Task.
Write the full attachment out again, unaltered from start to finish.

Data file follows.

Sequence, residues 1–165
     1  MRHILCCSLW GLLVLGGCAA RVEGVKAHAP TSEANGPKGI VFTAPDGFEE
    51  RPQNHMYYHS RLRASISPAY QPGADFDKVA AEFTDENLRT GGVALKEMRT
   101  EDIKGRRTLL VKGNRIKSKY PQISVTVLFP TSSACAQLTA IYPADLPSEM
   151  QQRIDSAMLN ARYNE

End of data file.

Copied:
Sequence, residues 1–165
     1  MRHILCCSLW GLLVLGGCAA RVEGVKAHAP TSEANGPKGI VFTAPDGFEE
    51  RPQNHMYYHS RLRASISPAY QPGADFDKVA AEFTDENLRT GGVALKEMRT
   101  EDIKGRRTLL VKGNRIKSKY PQISVTVLFP TSSACAQLTA IYPADLPSEM
   151  QQRIDSAMLN ARYNE